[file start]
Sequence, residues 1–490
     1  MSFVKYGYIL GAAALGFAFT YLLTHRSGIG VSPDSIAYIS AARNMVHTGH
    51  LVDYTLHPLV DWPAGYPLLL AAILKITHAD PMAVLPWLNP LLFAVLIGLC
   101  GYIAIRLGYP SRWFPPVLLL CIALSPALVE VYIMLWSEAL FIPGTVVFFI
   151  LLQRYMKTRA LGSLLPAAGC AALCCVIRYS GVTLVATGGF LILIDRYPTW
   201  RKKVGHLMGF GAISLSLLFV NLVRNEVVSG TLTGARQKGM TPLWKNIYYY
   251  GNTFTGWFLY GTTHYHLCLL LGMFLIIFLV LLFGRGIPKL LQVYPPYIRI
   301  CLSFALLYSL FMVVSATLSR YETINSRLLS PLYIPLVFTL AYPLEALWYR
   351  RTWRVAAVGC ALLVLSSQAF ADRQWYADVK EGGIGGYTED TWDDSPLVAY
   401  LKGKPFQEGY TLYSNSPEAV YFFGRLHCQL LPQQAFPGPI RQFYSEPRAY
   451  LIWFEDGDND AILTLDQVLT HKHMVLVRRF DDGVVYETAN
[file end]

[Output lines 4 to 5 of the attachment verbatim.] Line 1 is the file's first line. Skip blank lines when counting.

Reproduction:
   101  GYIAIRLGYP SRWFPPVLLL CIALSPALVE VYIMLWSEAL FIPGTVVFFI
   151  LLQRYMKTRA LGSLLPAAGC AALCCVIRYS GVTLVATGGF LILIDRYPTW